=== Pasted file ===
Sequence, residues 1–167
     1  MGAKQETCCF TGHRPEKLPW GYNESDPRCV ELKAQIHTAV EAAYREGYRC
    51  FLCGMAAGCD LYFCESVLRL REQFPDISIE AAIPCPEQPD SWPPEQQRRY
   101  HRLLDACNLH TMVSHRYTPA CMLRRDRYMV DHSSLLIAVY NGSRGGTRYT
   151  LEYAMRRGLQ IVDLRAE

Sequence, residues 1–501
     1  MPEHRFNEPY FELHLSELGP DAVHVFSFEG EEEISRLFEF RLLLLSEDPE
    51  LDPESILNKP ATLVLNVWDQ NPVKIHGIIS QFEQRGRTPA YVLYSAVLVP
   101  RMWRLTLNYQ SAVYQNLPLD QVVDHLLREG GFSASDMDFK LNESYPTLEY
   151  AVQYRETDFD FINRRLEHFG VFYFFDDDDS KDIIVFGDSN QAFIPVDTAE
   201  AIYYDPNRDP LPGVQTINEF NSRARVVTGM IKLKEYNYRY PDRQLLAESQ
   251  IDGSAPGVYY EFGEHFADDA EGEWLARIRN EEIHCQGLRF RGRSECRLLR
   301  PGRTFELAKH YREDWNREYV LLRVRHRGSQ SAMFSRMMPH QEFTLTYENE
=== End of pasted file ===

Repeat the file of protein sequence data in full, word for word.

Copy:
Sequence, residues 1–167
     1  MGAKQETCCF TGHRPEKLPW GYNESDPRCV ELKAQIHTAV EAAYREGYRC
    51  FLCGMAAGCD LYFCESVLRL REQFPDISIE AAIPCPEQPD SWPPEQQRRY
   101  HRLLDACNLH TMVSHRYTPA CMLRRDRYMV DHSSLLIAVY NGSRGGTRYT
   151  LEYAMRRGLQ IVDLRAE

Sequence, residues 1–501
     1  MPEHRFNEPY FELHLSELGP DAVHVFSFEG EEEISRLFEF RLLLLSEDPE
    51  LDPESILNKP ATLVLNVWDQ NPVKIHGIIS QFEQRGRTPA YVLYSAVLVP
   101  RMWRLTLNYQ SAVYQNLPLD QVVDHLLREG GFSASDMDFK LNESYPTLEY
   151  AVQYRETDFD FINRRLEHFG VFYFFDDDDS KDIIVFGDSN QAFIPVDTAE
   201  AIYYDPNRDP LPGVQTINEF NSRARVVTGM IKLKEYNYRY PDRQLLAESQ
   251  IDGSAPGVYY EFGEHFADDA EGEWLARIRN EEIHCQGLRF RGRSECRLLR
   301  PGRTFELAKH YREDWNREYV LLRVRHRGSQ SAMFSRMMPH QEFTLTYENE